Beekeeping Tips I Wish I’d Known
The world of beekeeping is magical, immense, and a little overwhelming. I’ve been keeping bees for over a decade, and I’m still learning things constantly. A common complaint is that there’s so much information out there that it’s hard to know where to start. What’s more is that if you ask one-hundred beekeepers a question, you will likely get a hundred answers. No wonder new beekeepers are overwhelmed. For you, I say, let the bees be your guide. Here are ten beekeeping tips I wish I’d known when I first picked up the smoker.
Beekeeping Tip 1: Bees’ First
Before picking up a beekeeping book, find a good book or course on honeybee biology, evolution, and behaviour. Start by learning about bees, especially honeybees in the wild, then learn about beekeeping. The more you learn about honeybees, the better you’ll be at tending to them. A good beekeeper asks, what are the bees trying to do, and how can I help them? I can not emphasize this tip enough. If you can understand honeybees, you can spot lousy beekeeping advice from a mile away. You will make mistakes, but at least you’ll understand why it was a mistake.
Resources on Honeybee Biology and Behaviour
- Online Course, All About Honeybee, Dustin Bajer
- Book, The Lives of Bees, Thomas D Seeley
- Book, The Bee: A Natural History, Noah Wilson-Rich
Beekeeping Tip 2: Mind Your Bee Space
Ninety percent of the hive you see on the market will use frames. Frames are removal components on which the bees build their comb. Without frames, the bees attach their comb to the hive itself, rendering inspections impractical, if not impossible. Movable frames were conceived by Lorenzo Langstroth when he noticed that bees wouldn’t build in spaces that are 3/8 of an inch wide. Langstroth called this gap bee space. This discovery allowed Langstroth to design a frame with a 3/8″ gap around it – preventing them from getting glued to the hive. The invention of the movable frame was the moment that the practice of tending bees moved from bee-having to bee-keeping. Movable frames enable hive inspections, swapping frames between boxes, creating splits, and using an extractor.
Frames are designed for optimum bee space, so you’ll get the best results when you keep frames tight together and centred in the box. The gap between frames is bee space, resulting in straight comb with less bridging (when bees connect adjacent comb).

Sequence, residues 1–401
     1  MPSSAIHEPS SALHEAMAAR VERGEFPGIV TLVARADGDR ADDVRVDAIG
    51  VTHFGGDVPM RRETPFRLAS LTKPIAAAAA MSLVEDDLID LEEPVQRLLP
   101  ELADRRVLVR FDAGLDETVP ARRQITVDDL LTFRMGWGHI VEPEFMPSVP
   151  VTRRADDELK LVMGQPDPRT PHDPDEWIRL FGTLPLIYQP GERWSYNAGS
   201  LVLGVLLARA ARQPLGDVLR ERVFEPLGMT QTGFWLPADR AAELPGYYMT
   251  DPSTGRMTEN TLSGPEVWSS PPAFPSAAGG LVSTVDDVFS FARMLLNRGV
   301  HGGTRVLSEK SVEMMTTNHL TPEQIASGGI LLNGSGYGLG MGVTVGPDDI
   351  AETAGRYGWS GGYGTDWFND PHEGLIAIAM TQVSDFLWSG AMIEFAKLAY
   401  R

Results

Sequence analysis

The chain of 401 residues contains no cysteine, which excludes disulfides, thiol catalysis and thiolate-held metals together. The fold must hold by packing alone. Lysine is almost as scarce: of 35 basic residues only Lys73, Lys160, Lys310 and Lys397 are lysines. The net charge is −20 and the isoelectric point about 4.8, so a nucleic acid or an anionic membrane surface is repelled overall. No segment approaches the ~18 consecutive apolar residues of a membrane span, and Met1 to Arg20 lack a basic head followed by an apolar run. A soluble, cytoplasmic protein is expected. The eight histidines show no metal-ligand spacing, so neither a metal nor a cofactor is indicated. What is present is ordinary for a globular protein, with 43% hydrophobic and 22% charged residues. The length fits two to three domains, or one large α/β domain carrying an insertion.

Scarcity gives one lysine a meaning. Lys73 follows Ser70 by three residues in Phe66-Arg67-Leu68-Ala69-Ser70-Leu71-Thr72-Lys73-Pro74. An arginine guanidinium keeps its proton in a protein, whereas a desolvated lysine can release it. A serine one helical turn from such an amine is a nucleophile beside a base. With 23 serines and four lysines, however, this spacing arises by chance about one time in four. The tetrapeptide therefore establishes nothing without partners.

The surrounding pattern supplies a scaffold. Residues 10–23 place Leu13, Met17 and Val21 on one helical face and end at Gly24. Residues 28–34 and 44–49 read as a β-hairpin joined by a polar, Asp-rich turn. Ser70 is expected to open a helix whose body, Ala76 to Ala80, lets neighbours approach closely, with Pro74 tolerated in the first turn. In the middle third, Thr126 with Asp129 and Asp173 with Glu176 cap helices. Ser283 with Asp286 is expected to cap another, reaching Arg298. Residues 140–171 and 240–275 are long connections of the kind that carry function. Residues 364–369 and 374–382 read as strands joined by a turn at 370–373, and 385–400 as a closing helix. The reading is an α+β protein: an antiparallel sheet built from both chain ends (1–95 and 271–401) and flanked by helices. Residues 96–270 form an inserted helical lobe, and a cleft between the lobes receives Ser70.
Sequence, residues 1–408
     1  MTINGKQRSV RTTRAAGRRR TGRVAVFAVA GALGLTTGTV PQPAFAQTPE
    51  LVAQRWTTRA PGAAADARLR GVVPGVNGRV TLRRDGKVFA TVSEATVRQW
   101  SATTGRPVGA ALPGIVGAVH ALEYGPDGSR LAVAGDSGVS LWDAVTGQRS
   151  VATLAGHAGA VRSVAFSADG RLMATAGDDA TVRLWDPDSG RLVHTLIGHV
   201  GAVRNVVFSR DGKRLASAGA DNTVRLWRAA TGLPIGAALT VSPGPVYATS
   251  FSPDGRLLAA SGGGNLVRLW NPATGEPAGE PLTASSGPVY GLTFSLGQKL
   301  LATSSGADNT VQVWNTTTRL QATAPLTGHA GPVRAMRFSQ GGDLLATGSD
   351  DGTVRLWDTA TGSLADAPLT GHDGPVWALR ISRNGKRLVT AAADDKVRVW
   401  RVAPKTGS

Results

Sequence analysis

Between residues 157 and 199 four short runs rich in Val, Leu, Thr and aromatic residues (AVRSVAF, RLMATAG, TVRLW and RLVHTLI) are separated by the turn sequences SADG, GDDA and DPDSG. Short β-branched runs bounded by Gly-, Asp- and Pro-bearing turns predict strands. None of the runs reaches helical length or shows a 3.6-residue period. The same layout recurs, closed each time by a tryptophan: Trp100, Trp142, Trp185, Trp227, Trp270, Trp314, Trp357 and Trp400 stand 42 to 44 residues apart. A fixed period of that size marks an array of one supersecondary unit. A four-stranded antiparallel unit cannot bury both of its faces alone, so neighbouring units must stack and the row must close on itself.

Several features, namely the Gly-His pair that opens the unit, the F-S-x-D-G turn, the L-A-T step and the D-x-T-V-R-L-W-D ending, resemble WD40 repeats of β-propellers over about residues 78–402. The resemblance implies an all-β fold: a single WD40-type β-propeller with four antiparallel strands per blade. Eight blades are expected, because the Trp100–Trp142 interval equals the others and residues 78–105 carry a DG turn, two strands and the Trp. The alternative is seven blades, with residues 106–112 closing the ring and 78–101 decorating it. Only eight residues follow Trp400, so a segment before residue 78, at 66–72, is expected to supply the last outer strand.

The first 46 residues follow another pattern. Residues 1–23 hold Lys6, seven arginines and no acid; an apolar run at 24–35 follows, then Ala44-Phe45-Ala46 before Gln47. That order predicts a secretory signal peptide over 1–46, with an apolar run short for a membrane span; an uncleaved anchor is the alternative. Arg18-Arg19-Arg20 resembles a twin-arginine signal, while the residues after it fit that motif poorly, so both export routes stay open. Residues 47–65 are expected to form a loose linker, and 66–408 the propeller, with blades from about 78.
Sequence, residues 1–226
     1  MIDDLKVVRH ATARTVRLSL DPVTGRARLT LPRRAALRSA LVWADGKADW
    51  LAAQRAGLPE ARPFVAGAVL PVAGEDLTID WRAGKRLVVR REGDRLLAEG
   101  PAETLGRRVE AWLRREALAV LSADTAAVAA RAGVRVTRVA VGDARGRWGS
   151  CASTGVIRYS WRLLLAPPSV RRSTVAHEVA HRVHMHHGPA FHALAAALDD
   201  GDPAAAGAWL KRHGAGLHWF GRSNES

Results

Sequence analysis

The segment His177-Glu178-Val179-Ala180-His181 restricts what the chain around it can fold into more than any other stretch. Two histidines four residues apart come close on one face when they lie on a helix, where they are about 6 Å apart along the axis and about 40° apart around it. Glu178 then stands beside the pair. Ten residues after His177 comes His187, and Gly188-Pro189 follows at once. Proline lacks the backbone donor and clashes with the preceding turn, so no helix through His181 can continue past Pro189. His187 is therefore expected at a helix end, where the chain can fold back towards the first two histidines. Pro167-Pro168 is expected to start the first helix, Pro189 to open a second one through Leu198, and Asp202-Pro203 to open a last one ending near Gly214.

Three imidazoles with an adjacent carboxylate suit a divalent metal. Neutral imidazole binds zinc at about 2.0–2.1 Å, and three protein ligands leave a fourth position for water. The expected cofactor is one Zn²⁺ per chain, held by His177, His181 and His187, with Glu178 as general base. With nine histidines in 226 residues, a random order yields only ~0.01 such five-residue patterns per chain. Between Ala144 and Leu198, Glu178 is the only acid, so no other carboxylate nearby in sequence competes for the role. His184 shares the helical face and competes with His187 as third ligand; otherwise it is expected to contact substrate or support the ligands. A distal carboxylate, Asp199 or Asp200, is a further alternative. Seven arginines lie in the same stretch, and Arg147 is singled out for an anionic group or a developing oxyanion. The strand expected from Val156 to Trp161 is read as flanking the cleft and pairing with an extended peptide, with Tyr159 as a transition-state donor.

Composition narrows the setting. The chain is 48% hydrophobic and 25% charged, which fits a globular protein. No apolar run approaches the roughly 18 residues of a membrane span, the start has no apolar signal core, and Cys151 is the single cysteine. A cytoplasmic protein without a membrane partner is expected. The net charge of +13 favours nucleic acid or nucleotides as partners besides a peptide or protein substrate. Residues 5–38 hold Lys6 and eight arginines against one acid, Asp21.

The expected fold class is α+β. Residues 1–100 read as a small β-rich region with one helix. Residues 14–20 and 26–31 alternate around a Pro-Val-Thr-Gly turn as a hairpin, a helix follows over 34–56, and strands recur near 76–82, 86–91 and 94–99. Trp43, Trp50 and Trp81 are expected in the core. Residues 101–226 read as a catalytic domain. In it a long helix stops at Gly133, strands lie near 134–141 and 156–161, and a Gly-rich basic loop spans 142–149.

Bee space also comes in handy when building components. Anything you don’t want the bees to glue down should be 3/8 of an inch from the nearest component. The distance between the top of the frames and the inner cover – bee space. The gap between the floor and the nearest frame – bee space. The bees tend to fill gaps greater than bee space with comb and gaps less than bee space with propolis.
Beekeeping Tip 3: Go Foundationless (Eventually*)
Foundation is a ridged sheet of wax or wax-coated plastic that sits within a frame and forces the bees to build straight comb of uniform size, direction, and thickness. Uniformity ensures that the comb aligns with the frames and is easy to remove and inspect. All foundation will have a stamped honeycomb pattern sized for worker brood, though drone foundation does exist. Sounds great, right? Well, yes, but there are some disadvantages too.
Given a choice, honeybees prefer building combs from scratch rather than on a plastic or wax foundation. When building comb in nature, honeybees hang from each other in a process called festooning. This process orients bees vertically and stimulates wax production. In my experience, bees draw out comb faster without foundation – which is ironic because one supposed advantage of foundation is that the bee “don’t have to work as hard.”
The real advantage of letting the bees draw their comb is that they have total control over what to build. Remember the stamped honeycomb pattern on the foundation? It attempts to force the bees into making more productive worker comb. When bees draw out their own comb they can decide whether to draw worker or drone brood and where. According to Dr. Thomas D Seely, in The Lives of Bees, honeybees want to dedicate about twenty percent of their comb to drones. Worker foundation forces the bees to add drone cells wherever they can – typically between frames, along the walls, and under the lid. Foundationless beekeeping removes all of that and lets the bees build drones where they want them. A big advantage is that natural worker and drone cell patterns appear to be better at regulating the hive’s internal temperature.